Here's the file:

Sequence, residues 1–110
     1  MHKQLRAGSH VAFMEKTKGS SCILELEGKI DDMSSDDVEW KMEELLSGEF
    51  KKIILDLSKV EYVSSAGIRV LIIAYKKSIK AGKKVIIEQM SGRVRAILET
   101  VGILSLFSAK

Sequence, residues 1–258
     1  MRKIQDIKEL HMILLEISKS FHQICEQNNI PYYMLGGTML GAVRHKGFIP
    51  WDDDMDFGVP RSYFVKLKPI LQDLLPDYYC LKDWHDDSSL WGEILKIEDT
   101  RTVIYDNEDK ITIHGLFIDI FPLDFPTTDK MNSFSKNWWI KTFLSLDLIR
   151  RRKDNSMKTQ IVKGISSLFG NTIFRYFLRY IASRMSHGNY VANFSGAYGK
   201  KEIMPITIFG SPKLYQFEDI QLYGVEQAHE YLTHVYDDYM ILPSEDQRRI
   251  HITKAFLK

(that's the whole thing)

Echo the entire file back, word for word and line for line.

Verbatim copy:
Sequence, residues 1–110
     1  MHKQLRAGSH VAFMEKTKGS SCILELEGKI DDMSSDDVEW KMEELLSGEF
    51  KKIILDLSKV EYVSSAGIRV LIIAYKKSIK AGKKVIIEQM SGRVRAILET
   101  VGILSLFSAK

Sequence, residues 1–258
     1  MRKIQDIKEL HMILLEISKS FHQICEQNNI PYYMLGGTML GAVRHKGFIP
    51  WDDDMDFGVP RSYFVKLKPI LQDLLPDYYC LKDWHDDSSL WGEILKIEDT
   101  RTVIYDNEDK ITIHGLFIDI FPLDFPTTDK MNSFSKNWWI KTFLSLDLIR
   151  RRKDNSMKTQ IVKGISSLFG NTIFRYFLRY IASRMSHGNY VANFSGAYGK
   201  KEIMPITIFG SPKLYQFEDI QLYGVEQAHE YLTHVYDDYM ILPSEDQRRI
   251  HITKAFLK